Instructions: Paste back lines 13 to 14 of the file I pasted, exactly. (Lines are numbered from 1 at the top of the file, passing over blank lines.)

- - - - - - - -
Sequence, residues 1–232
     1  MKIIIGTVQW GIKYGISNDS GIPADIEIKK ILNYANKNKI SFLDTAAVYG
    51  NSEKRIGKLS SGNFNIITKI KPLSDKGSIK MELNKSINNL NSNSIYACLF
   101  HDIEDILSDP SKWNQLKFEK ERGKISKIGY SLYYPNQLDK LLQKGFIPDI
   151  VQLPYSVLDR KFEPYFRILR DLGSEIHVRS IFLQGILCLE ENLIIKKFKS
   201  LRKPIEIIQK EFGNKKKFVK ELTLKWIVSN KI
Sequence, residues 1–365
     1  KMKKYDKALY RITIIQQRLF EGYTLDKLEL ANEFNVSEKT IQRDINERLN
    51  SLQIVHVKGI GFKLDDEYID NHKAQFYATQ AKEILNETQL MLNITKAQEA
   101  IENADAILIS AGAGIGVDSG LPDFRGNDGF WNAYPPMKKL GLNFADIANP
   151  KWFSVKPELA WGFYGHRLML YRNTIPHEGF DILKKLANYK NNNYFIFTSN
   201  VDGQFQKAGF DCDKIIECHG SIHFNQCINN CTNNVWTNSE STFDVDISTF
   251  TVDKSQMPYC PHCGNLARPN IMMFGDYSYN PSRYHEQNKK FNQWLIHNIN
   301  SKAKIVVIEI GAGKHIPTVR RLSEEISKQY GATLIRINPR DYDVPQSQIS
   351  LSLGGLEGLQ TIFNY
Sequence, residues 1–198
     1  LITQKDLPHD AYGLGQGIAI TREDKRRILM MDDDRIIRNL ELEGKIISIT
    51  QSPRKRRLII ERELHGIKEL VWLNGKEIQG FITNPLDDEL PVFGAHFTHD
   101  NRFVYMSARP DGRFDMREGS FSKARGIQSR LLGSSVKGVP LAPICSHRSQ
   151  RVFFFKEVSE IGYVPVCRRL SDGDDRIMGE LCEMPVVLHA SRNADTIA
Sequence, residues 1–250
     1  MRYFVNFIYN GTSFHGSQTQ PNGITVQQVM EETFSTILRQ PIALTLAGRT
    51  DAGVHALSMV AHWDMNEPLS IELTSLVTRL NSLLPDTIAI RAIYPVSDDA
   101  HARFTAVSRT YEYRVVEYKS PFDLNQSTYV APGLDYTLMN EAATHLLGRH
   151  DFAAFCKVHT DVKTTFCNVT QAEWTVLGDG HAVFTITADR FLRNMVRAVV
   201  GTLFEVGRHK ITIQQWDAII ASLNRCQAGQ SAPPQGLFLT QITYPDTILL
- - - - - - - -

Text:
   251  TVDKSQMPYC PHCGNLARPN IMMFGDYSYN PSRYHEQNKK FNQWLIHNIN
   301  SKAKIVVIEI GAGKHIPTVR RLSEEISKQY GATLIRINPR DYDVPQSQIS